Monday, 24 October 2011

Occupy: Out with the old, in with the new

I'm happy to say that since my last post Occupy Edmonton is doing very well. Edmonton (and the whole world) showed tremendous support tonight. I dare say Occupy Edmonton is nearing the amount of critical mass it needs to carry forward as a major movement. But where to?

All around the world it seems this is becoming the next big question: What is next for the Occupy movement? Will they start political parties? Will they make demands? I've been thinking about it for sometime from a theoretical point-of-view.

Some of the people who I talked with might remember me saying that ending compound interest for instance might be a good demand. But as this week has gone on I started asking the question 'why should there be demands?' What the people are upset about is obvious. Forcing them to make demands is almost an act of submission in itself, just wrapped in a confidence bow. Sure specifics need to be provided, by why is all of the onus on the people to come up with a credible "societal equitable business plan" and present it to big business/government when they would have us believe they make the big bucks because only they know how to make the big decisions or plan the big plans.

Obviously this stance by the system is completely contradictory. It serves a purpose though, it allows them to play both sides of the field. Say Occupy does make a plan or demands and we present them; it's highly likely the system comes back and says that it had it's "experts" analyze our plan and it simply won't work for one reason or another. When dealing with a systemic issue as large as we are the number of straw-man arguments is endless, there are countless ways we could restructure and everyone has a different idea what that restructuring looks like. Its simple to come up with an argument against any system, as the perfect system is yet to be invented. If no demands are made at all we make an argument for the system in that "we do not know what we want". This isn't desirable either.

So seemingly both avenues are cut off. But wait! There is another!! What if the demand is Occupy itself? Think about it. What if instead of demanding what the people need, the people are actually just doing what the people need? Could our society (for now mostly the U.S. although Canada's turn is coming soon) actually have already reached a point where confidence in the system is so low the people are simply shedding it?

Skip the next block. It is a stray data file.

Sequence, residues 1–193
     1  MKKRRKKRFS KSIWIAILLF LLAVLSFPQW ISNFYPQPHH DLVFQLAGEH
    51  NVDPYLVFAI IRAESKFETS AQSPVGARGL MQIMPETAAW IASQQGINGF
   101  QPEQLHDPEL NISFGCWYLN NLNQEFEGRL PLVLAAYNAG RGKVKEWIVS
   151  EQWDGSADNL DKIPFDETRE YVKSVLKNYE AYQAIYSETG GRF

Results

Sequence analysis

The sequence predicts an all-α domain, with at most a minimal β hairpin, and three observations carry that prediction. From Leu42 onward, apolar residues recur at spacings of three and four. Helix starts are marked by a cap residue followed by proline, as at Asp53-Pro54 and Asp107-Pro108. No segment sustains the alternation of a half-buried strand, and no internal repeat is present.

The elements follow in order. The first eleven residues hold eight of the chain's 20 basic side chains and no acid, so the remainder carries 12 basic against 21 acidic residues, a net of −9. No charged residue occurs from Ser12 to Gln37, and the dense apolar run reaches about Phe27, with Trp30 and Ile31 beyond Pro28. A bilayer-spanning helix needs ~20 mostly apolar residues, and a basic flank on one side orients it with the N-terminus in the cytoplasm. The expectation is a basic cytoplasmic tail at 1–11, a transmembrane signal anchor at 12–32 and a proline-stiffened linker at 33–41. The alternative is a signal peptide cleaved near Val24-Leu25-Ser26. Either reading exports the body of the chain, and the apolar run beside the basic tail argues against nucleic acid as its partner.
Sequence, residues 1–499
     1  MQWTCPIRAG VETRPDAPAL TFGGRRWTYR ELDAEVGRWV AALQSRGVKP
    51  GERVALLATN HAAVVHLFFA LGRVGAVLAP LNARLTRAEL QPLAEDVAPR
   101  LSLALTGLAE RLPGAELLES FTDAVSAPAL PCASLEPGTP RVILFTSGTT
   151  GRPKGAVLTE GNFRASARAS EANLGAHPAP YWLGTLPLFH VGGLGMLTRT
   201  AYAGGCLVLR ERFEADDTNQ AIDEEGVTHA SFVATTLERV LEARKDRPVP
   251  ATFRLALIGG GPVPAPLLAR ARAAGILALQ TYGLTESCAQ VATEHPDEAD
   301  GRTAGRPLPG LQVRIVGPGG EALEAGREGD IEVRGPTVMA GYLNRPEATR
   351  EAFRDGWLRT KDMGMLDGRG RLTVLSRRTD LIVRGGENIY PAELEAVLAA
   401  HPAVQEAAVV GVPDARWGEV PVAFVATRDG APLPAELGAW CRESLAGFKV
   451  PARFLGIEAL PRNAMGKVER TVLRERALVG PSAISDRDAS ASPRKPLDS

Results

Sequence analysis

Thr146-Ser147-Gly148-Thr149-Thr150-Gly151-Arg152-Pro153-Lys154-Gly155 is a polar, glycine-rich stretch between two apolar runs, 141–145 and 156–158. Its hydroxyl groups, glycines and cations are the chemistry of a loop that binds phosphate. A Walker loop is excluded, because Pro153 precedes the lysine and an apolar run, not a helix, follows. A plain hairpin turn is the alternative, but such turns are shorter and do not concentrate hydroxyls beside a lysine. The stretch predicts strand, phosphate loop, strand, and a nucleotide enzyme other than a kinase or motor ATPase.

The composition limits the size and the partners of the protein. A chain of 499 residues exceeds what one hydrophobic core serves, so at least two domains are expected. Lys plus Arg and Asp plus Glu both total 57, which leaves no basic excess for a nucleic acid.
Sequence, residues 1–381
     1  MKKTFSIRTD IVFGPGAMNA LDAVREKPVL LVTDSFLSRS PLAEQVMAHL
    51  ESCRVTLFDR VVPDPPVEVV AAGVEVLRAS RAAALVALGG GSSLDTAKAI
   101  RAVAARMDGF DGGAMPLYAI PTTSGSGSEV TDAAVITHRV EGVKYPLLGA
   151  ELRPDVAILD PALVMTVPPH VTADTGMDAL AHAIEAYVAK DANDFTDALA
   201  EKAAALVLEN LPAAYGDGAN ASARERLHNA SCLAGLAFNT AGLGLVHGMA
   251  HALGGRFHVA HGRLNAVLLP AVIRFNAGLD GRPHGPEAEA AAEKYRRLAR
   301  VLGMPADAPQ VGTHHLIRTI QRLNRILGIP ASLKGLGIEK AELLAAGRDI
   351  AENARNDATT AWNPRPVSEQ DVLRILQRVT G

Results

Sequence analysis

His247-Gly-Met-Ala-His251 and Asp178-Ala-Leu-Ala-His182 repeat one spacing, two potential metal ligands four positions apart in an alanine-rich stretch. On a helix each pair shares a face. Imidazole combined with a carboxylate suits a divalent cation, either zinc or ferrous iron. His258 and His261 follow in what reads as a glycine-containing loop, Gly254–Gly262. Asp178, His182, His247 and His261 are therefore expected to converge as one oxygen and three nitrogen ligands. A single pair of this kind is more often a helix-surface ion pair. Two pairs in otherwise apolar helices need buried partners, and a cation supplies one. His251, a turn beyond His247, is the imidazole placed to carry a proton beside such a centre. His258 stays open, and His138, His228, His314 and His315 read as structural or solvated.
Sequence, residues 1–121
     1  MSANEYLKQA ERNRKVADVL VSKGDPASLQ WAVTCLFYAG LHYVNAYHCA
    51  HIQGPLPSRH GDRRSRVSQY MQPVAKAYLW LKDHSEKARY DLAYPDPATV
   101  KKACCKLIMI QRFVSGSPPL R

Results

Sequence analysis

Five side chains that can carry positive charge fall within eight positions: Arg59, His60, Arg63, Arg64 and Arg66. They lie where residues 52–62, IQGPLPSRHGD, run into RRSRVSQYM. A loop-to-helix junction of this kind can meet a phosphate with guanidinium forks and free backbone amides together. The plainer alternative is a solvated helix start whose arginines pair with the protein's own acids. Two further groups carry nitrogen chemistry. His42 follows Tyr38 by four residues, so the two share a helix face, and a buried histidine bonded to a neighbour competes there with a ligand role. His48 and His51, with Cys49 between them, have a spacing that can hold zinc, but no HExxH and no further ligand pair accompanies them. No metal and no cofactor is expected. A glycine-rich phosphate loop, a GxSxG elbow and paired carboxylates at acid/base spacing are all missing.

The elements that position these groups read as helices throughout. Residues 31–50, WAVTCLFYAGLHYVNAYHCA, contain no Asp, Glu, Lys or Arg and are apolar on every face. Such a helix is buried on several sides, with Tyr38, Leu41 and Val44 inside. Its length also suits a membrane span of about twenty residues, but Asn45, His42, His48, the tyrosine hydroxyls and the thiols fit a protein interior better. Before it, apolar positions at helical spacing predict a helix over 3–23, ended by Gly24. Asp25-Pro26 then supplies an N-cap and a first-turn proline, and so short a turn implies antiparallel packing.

Look at the U.S. right now, Occupy tent cities everywhere. They are beginning to turn into miniature self-governed communities. If these continue to grow.. what significance is the government anyway? If the government can't take care of the people and is just a revolving door and shell game with the banks, what good is it? What service exactly is it providing?

This week it occurred to me that the world just might have been looking in the wrong spot. While we were sitting and waiting for demands, we witnessed the birth of a globally supported, internet based governing system. A system based on direct democracy and consensus.

Lets be honest here and admit society is collapsing, and everything is not ok. As a society we have neglected and underestimated many fundamentals to life which have been lost in our current standard of living. Perhaps without even realizing it the human race is already adapting for the inevitable low-energy future just around the corner.

Katie from OccupyYEG says "As one voice, and one individual I am proud to state, I am a part of the Occupy Revolution. I will not stand silent, I will not relocate and I will not give up. We do not have hope, we are hope."

Maybe more than she even knows.


  1. This is awesome. Just read it to a few people here in the camp and we are all impressed and in agreement with this.

  2. Richard, I think you've stumbled upon the great secret about Occupy. It's not just a way to run a social movement. It's a way to run... a whole society.

    I think that it takes a kind of decentered and organic mentorship to make it happen. I always say that most of our social training teaches us to be good at being individuals, and stunts us at acting collectively. It'll take much time to make us be really good at both — which is exactly why the revolution isn't built in a day, and Occupy (and Occupy Edmonton) often seems "ramshackle." (Here's hoping direct democracy, horizontal coordination, and personal accountability wins out at the camp.)

    Also, I'm the "Rob" your friend handed your 'request by proxy' to. Hi!